2020 was his year, going by the professional high he achieved. Ajay Devgn’s Tanhaji: The Unsung Warrior remains the only highlight for Bollywood in a year which saw it being affected massively by the Covid-19 pandemic.
After opening to a glowing word-of-mouth and box-office collections amounting to Rs 280 crores in India, making it the sole blockbuster of 2020, no other film managed to match up to it theatrically, until theatres were forced to shut down in March. The 51-year-old was also among the first few A-listers to get back to work with his next directorial MayDay.
Excerpts from an interview:
Not only was Tanhaji a career high for you, but it also changed the way we look at historical epics. Were you anticipating this kind of response?
I’m ecstatic with the box office of our film. No, I wasn’t expecting it to break records. It is my 100th film. In a career spanning 29 years, I have seen so many highs and lows, accolades and brickbats, that I never go into a film thinking it will break records or that it will become a blockbuster. I’m a seasoned player. I do a film because I believe in it. The box office or the bounty that comes is a blessing from my fans, the audience, my parents and the Almighty.
Coming to the bit on Tanhaji changing the way we as an industry look at historical, I’m proud to have been a part of this magnum opus. When we embarked on it, I knew we had a strong story to tell, good dialogue and a bunch of effective actors. I then combined it with spectacular VFX, done by my company. The idea was to make a film that is visually advanced and tells a story that can tug at your heartstrings. The only thing about a historical is that you need a huge budget because VFX costs a lot of money. It takes away more than a price of two to three solid A-grade actors! Once that bit is sorted, you can set out to make your 3-D epic.
What do you think was it about Tanhaji that really clicked?
It combined a good story of bravery and valour with spectacular VFX. That made it work.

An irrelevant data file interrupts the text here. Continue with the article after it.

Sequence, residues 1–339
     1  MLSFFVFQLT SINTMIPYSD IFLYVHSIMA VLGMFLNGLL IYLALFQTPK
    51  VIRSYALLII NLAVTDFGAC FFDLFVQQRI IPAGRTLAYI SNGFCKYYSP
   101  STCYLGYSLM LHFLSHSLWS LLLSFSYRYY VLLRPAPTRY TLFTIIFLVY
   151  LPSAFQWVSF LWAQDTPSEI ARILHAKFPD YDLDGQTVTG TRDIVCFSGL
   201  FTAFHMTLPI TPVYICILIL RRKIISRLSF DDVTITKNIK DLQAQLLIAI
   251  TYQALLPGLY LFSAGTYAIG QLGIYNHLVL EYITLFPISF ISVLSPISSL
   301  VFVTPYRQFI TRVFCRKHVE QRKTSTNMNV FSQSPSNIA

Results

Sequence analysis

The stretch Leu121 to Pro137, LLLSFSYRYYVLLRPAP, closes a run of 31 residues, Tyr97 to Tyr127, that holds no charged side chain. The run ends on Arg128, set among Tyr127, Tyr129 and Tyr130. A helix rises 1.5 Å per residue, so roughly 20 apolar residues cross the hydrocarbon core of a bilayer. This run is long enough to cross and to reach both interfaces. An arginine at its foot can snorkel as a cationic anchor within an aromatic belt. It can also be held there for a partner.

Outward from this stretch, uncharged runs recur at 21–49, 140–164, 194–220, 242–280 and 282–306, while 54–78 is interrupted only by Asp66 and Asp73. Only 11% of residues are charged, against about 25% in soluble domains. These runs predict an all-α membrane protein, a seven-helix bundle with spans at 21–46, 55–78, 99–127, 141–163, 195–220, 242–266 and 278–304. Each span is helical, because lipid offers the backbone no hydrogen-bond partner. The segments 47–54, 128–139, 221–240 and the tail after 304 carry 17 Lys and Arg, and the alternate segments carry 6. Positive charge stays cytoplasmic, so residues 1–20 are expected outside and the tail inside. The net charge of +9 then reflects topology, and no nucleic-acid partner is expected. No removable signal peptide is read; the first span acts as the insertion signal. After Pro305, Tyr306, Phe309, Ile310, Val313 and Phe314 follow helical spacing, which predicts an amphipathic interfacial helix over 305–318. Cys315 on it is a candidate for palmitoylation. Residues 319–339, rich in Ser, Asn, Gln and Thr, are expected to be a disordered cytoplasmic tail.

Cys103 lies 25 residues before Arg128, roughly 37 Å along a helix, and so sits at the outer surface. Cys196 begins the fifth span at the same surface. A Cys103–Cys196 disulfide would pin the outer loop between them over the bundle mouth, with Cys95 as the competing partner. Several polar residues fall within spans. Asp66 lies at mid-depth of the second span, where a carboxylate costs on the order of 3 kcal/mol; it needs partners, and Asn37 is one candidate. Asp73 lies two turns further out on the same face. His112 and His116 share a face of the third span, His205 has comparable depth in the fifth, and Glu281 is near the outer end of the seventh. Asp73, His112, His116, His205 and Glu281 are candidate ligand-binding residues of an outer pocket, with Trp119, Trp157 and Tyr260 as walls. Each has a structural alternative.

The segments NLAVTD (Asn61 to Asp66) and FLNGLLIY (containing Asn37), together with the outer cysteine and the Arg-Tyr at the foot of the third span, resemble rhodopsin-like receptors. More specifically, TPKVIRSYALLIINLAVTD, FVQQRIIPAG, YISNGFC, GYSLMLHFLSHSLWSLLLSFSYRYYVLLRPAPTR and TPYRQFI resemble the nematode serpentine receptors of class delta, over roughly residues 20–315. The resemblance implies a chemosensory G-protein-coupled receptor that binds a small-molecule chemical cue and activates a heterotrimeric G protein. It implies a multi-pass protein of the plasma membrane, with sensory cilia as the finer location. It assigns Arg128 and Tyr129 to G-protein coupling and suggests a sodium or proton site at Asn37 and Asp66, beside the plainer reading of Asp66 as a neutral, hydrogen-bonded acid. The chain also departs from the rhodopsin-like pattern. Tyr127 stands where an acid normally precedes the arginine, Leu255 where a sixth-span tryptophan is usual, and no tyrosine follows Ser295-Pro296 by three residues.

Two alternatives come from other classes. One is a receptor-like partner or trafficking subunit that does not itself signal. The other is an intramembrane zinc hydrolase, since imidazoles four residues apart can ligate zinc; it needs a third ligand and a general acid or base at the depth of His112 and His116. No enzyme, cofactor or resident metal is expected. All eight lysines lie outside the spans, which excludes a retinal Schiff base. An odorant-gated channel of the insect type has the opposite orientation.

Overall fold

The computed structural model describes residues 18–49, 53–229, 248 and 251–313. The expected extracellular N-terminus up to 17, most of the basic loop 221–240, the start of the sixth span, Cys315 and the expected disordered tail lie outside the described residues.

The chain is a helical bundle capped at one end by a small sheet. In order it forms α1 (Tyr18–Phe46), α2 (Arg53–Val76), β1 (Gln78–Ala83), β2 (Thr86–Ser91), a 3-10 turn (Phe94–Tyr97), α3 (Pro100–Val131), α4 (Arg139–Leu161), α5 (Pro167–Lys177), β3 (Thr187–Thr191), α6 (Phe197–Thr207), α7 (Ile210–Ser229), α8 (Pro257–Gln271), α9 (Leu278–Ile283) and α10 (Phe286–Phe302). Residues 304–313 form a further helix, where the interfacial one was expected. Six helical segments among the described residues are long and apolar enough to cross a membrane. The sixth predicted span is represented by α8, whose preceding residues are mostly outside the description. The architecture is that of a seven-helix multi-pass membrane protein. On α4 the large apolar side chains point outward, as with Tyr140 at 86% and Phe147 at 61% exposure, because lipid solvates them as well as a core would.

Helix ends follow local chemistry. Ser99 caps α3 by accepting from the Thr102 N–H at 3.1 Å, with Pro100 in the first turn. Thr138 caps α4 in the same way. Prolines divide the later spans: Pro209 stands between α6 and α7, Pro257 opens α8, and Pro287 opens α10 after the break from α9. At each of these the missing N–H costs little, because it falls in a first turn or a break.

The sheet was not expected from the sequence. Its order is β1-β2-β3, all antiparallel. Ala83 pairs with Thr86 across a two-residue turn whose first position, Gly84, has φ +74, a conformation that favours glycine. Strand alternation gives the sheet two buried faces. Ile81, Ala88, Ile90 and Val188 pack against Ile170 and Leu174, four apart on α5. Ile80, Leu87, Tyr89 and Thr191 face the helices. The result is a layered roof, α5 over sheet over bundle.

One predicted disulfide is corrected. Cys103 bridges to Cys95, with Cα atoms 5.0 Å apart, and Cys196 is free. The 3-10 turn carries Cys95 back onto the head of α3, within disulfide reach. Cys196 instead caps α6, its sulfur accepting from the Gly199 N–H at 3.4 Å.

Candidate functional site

2020 was quite an eventful year. How would you sum it up?
I don’t know what to call 2020. You can it eventful or you can call it uneventful. By the time we adjusted to the lens through which to look at the pandemic, our viewpoints changed. Through the year, I had many reasons to be happy. For example, January gave me Tanhaji, December gave me MayDay (my next directorial). In between, like the global fraternity, I had moments of anxiety and frustration. Work came to a stand through the months of April to October. My family life was disrupted. My daughter, Nysa studies in Singapore so she is away from me. Kajol is with her. My son Yug and I are together with my mother. It was a complete mix of emotions.
It was a big change, from Hindi film industry’s business point of view as well. Do you agree?
As far as our Hindi cinema industry goes, we took a big hit because theatres closed. So, business came to a halt. My own chain of theatres up North is bleeding.
I say a prayer each day for the industry and for our business. It is not for me alone but for the thousands whose direct means of livelihood come from cinema. It’s a worldwide thing. I don’t know how soon we will recover. I hope we are able to bring back the blockbuster days to the box office because it will take many blockbusters to infuse life into our failed economy.
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